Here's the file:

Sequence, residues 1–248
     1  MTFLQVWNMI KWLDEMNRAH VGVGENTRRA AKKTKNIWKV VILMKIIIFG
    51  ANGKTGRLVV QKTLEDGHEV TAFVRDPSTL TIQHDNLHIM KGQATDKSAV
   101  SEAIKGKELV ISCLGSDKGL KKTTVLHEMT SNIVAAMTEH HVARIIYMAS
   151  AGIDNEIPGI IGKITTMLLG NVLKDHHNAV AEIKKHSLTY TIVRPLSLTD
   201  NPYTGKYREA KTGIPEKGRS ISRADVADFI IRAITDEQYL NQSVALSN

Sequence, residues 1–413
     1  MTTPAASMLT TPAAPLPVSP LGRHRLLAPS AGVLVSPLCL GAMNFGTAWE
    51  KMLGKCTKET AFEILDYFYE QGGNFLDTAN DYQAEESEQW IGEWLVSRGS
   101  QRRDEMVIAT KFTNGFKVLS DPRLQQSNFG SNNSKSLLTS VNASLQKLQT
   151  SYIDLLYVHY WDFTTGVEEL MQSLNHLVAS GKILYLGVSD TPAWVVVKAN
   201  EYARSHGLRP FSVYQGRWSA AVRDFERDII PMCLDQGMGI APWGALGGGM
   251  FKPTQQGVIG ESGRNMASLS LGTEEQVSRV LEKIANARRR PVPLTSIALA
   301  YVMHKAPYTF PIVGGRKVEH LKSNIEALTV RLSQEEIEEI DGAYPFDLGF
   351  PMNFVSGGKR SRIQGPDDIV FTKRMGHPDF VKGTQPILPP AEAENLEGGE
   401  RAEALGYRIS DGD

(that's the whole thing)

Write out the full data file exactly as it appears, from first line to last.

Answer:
Sequence, residues 1–248
     1  MTFLQVWNMI KWLDEMNRAH VGVGENTRRA AKKTKNIWKV VILMKIIIFG
    51  ANGKTGRLVV QKTLEDGHEV TAFVRDPSTL TIQHDNLHIM KGQATDKSAV
   101  SEAIKGKELV ISCLGSDKGL KKTTVLHEMT SNIVAAMTEH HVARIIYMAS
   151  AGIDNEIPGI IGKITTMLLG NVLKDHHNAV AEIKKHSLTY TIVRPLSLTD
   201  NPYTGKYREA KTGIPEKGRS ISRADVADFI IRAITDEQYL NQSVALSN

Sequence, residues 1–413
     1  MTTPAASMLT TPAAPLPVSP LGRHRLLAPS AGVLVSPLCL GAMNFGTAWE
    51  KMLGKCTKET AFEILDYFYE QGGNFLDTAN DYQAEESEQW IGEWLVSRGS
   101  QRRDEMVIAT KFTNGFKVLS DPRLQQSNFG SNNSKSLLTS VNASLQKLQT
   151  SYIDLLYVHY WDFTTGVEEL MQSLNHLVAS GKILYLGVSD TPAWVVVKAN
   201  EYARSHGLRP FSVYQGRWSA AVRDFERDII PMCLDQGMGI APWGALGGGM
   251  FKPTQQGVIG ESGRNMASLS LGTEEQVSRV LEKIANARRR PVPLTSIALA
   301  YVMHKAPYTF PIVGGRKVEH LKSNIEALTV RLSQEEIEEI DGAYPFDLGF
   351  PMNFVSGGKR SRIQGPDDIV FTKRMGHPDF VKGTQPILPP AEAENLEGGE
   401  RAEALGYRIS DGD